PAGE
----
What Happened To Monday?
Noomi Rapace plays identical septuplets. They are named Monday, Tuesday Wednesday … you get the idea, in a future world where over-population, crop failures, and climate change have led to a policy of one child per family. Siblings are illegal, and the younger one has to go into the deep freeze to “wait for a better time.” Yeah, right, tell me another one. Clearly things are never going to get better. The sisters have survived for 30 years by sharing a single identity that goes out of their apartment while the other six stay home. Clearly this is a tricky thing to do. One Monday, Monday goes out and doesn’t return. When they are discovered, they get picked off one by one until … I won’t say how many survive. It’s a good film, an action thriller that uses Noomi’s considerable physical talents and intensity. It was made from an original script by Max Botkin that, I have learned, was on the 2010 Blacklist of best unproduced screenplays in Hollywood.
Anyway, that’s the movie. Now what I want to do is compare two of my favorite actresses, Noomi Rapace and Tatiana Maslany. Noomi was totally stunning in the original Swedish The Girl With the Dragon Tattoo trilogy. Tatiana finally won a well-deserved Emmy for her work the Little Canadian Show That Could, Orphan Black. (For my money, she should have won five of them, every year.)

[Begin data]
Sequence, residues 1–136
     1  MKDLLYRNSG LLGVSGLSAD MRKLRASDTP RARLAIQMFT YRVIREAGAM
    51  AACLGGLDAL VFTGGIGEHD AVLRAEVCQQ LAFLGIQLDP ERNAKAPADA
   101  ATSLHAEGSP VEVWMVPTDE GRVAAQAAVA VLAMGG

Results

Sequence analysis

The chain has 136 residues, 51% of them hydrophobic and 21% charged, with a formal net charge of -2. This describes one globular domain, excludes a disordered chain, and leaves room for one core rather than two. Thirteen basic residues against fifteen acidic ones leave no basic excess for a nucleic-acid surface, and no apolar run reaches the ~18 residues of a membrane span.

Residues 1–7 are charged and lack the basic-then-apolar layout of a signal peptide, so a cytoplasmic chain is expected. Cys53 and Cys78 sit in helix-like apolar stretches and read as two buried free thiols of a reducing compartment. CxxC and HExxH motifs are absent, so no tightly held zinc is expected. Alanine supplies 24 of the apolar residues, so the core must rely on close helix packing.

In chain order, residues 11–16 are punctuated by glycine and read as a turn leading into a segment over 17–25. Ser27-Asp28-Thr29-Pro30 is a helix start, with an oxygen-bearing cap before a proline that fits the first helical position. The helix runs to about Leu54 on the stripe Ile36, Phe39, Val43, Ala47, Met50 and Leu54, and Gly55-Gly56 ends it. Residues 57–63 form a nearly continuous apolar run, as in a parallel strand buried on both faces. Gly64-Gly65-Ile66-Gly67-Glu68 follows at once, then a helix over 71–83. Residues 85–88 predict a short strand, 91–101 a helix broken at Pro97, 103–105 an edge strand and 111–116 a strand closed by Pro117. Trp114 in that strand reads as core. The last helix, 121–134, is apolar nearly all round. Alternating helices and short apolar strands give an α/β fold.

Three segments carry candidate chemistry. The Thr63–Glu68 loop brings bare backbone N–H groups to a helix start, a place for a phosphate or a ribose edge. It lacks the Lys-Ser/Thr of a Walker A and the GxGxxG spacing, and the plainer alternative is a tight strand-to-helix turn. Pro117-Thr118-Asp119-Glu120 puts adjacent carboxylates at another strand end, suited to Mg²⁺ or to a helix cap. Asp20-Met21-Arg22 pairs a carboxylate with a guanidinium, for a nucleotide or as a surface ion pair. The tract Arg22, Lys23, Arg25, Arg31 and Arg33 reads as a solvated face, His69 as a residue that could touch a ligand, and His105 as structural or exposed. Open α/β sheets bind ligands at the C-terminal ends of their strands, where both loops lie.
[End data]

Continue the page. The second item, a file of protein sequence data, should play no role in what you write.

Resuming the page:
What do they have in common? Tatiana played eight main characters, clone sisters, over five seasons, almost 38 hours of TV. She commonly played two characters in one scene, several times played three characters, and three times played four of them. Noomi has many scenes with three, four, five, and even all seven in the same frame, interacting.
Orphan Black never attempted putting more than four clones in the same scene. The reason was simple. The high-tech camera used for stuff like that was expensive, and a huge time-consumer, and they just didn’t have the budget. So Noomi had a big advantage there, in that even though a budget of $20 million is considered a pittance these days in Hollywood, it’s a hell of a lot more than a small Canadian show would ever have. The scenes with multiple Noomis are seamless and well done.
But as far as plot and especially characterization goes, it is all Tatiana, hands down. Noomi had only a few scenes to establish seven characters, all in two hours, and I could barely tell one from the other. Not her fault. It just can’t be done. Tatiana had much more time, of course, and created no less than eight fully-developed and totally distinct main characters (and a dozen cameos) so well that many times I totally forgot that it was the same person playing both characters in a scene. I’m serious, I really forgot. In the last episode Helena, a very strange Ukrainian ex-assassin, is giving birth, and Sarah, the main character, is helping deliver the babies. Imagine that. She has to react to her acting double (Katherine Alexandre, a woman who Maslany never failed to praise to the skies in interviews), both of them in an intense emotional scene … and then do it again, and again, and again. That must have been a very intense two days of shooting. Tatiana Maslany is the best actress of her generation, for my money.